High School Graduates, no college: 8.1%/10.1%
Some college or associate degree: 6.4%/8.5%
Bachelor's degree or higher: 3.9%/4.9%

The differences between demographic groups are extremely stark and clearly the biggest improvement is between those with college degrees and those without. Bonddad says, "Either the economy needs to start creating jobs for those with less than a college education (a highly unlikely development as will be explained below) or the workforce needs to increase the number of people with higher education." I think it's clear that a two year degree from junior college is analogous to the old high school diploma and a college degree is a minimum condition for entry to the "middle class."

So how does "the economy" go about doing that? In the short and medium term, the way to do this is to maintain or increase support for public education - especially colleges and community colleges. Unfortunately, most state are prevented from deficit spending by balanced budget laws passed in the 1990s. This combines with populist anger at "elites" to make public education an easy target for mandated budget cuts as tax revenues decrease.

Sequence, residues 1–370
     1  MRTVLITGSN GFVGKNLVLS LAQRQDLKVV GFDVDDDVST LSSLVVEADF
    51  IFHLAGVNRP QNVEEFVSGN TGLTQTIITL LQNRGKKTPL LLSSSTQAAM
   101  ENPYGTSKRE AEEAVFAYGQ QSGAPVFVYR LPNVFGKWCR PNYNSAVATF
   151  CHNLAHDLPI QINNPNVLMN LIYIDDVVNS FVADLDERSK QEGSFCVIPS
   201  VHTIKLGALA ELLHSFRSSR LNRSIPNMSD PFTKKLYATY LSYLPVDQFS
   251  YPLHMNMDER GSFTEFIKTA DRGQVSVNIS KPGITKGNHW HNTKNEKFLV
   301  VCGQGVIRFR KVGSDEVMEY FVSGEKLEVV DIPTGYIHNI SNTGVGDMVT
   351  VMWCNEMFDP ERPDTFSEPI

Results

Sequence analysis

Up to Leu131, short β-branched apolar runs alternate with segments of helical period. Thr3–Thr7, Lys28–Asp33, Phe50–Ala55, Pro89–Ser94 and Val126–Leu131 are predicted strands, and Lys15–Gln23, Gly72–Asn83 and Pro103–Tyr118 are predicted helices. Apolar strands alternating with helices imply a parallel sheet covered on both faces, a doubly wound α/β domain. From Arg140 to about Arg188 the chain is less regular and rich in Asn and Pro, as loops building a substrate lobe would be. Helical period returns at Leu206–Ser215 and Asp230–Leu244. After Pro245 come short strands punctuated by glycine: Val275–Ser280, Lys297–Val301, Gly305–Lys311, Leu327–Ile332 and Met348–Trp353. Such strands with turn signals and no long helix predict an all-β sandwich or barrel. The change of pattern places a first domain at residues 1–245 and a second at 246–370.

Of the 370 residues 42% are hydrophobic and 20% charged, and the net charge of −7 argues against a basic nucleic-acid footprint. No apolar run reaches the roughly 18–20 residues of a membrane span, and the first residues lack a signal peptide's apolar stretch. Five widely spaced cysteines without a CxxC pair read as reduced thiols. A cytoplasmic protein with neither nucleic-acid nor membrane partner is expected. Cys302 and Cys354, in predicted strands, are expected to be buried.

In the long run, we as a country need to drive home the idea that the days when unskilled work could provide a "middle class" life style are dead and gone. Whining about it won't bring those days back. When Baby Boomers were growing up, there was a fluke development in our economic history when a person with no education (not even a high school diploma) could get a job in construction or manufacturing and expect to be able to support a family comfortably complete with nice car, house and vacations at the lake or seashore. That started to end in the 70s but with every recession since then, the development gets more entrenched.